What is New York’s zone of risk rule?
Posted on October 6, 2015 in Wrongful Death
A wrongful death action may involve the tragic situation where a family member actually witnesses the death or serious injury inflicted upon a loved one. New York allows relief to bystanders in wrongful death cases to persons in a zone of risk. In other words, family members of a person killed through a person’s negligence could sue for emotional distress if they witnessed the death or serious accident and were also at risk of receiving bodily harm from the defendant’s negligence.
This zone of risk rule is based upon the legal concept of negligence that the defendant breached a duty of care to these bystanders. Violation of this duty allows these family members to seek damages for emotional distress by suffering fright, shock or other emotional disturbance from witnessing the accident.
However, the defendant’s conduct had to be a substantial factor in causing the injury or death. The emotional disturbance must also be serious and verifiable and connected to observing serious injuries or the death of the family member.
The New York Court of Appeals adopted the zone of risk rule in two cases in 1984 even though the plaintiffs did not actually see their family members being injured. In the first case, the decedent was killed next to his disabled car on the highway. The defendant struck another car and he was pinned between the two vehicles. His wife and daughter were in the disabled car and were thrown about the car through the impact’s force and saw the injured victim immediately after the auto accident.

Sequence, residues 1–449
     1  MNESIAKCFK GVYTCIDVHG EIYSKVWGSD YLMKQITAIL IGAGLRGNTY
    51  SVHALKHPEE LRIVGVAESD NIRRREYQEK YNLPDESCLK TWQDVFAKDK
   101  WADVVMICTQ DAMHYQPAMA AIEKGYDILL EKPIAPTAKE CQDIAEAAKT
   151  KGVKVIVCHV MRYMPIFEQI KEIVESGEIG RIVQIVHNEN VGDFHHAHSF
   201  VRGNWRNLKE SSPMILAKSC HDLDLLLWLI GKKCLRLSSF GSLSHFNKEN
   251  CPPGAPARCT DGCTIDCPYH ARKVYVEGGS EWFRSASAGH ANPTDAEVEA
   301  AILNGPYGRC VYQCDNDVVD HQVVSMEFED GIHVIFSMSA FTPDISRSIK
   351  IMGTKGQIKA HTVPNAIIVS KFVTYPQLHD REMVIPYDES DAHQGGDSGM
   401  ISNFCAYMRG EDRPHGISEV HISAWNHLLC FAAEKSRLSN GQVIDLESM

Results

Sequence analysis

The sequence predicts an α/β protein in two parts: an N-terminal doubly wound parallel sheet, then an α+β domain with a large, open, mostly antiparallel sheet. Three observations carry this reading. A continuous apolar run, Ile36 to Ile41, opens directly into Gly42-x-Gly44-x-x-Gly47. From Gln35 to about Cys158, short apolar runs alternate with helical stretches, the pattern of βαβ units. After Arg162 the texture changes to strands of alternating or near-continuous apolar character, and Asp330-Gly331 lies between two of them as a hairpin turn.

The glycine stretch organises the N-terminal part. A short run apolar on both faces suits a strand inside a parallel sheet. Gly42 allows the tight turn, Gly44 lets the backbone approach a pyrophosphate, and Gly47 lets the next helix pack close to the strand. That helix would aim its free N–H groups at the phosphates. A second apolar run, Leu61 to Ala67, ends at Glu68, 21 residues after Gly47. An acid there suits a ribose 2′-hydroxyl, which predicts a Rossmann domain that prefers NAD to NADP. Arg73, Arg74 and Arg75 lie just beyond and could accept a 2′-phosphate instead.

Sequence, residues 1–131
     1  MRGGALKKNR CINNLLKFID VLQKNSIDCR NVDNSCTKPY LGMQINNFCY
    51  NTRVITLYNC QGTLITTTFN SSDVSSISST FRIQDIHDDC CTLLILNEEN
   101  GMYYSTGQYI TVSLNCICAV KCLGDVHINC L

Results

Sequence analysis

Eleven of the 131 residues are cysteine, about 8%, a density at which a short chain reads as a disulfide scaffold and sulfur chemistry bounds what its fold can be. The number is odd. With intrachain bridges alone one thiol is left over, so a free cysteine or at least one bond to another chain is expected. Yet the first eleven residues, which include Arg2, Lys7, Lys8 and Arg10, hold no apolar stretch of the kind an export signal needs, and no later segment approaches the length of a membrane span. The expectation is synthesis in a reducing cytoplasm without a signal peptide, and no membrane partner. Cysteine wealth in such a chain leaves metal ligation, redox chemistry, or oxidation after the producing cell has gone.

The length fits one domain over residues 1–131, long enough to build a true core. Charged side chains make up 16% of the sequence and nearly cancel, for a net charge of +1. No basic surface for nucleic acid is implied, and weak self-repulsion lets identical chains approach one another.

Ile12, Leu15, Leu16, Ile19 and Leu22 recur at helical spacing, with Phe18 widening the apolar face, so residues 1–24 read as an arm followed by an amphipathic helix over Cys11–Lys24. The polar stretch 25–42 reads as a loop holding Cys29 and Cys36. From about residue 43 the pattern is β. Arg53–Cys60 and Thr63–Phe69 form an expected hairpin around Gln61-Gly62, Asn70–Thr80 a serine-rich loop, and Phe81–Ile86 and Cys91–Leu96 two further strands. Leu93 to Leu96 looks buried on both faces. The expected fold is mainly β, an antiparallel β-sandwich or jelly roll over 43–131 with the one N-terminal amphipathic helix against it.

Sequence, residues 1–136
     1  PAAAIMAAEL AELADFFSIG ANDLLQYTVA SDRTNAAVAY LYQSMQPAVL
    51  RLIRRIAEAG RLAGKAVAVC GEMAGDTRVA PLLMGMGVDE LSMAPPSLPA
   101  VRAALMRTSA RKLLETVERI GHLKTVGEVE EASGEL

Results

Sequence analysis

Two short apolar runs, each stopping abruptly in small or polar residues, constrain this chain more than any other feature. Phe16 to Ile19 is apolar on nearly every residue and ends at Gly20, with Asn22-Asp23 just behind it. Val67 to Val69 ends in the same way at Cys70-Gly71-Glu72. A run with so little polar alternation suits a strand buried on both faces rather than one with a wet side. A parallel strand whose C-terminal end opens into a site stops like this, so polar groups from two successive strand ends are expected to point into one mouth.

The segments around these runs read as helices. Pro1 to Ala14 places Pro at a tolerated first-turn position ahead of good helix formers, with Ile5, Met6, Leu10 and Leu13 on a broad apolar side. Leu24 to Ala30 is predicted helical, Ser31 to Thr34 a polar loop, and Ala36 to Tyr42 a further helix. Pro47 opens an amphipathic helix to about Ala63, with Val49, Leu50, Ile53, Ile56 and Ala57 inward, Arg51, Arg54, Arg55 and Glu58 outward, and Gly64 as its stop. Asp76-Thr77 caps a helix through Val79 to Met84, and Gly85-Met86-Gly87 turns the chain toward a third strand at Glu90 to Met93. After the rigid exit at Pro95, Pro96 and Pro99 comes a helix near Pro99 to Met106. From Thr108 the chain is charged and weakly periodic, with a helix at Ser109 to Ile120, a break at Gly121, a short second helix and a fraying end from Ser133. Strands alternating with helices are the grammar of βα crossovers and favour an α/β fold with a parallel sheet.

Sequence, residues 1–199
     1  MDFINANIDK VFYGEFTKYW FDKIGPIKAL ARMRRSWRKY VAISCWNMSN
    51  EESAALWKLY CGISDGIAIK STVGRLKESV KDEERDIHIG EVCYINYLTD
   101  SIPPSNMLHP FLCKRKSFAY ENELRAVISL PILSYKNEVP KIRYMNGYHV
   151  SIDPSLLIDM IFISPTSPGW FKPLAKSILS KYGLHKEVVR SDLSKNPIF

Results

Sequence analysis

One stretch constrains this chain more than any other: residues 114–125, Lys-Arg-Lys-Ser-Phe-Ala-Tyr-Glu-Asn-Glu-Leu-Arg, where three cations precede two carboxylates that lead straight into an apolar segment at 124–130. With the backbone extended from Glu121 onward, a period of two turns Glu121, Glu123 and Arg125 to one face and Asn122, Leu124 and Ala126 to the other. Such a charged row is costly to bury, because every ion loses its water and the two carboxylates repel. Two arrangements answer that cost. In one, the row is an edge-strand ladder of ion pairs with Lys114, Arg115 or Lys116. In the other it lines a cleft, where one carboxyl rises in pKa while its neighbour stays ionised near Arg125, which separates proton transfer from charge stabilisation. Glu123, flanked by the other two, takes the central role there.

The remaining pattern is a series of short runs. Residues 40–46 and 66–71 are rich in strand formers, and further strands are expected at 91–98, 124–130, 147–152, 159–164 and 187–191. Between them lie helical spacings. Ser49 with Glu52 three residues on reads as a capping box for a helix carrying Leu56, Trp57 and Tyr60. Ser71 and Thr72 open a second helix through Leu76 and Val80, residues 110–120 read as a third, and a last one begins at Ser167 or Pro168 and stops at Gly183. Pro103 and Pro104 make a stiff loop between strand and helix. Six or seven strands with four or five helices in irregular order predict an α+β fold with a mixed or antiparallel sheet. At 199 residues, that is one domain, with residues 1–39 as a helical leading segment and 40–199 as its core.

In the second case, the plaintiff’s car was struck by another driver who was allegedly driving recklessly and speeding. He also witnessed the injuries sustained by his wife which later claimed her life.
The Court ruled that the plaintiffs were subject to an unreasonable risk of bodily injury by another person’s negligent conduct. Although they did not actually see their family members being injured, they may be entitled to relief because they asserted their initial awareness that a family member was injured and saw the injuries after the car accidents.
Anyone considering a legal action for the death of a family member should seek prompt legal advice to help determine liability and the amount of damages that may be owed. Legal assistance can help assure that rights are protected.
Source: LEAGLE, Bovsun v. Sanperi, 61 N.Y.2d 219 (1984), Assessed Feb. 27, 2015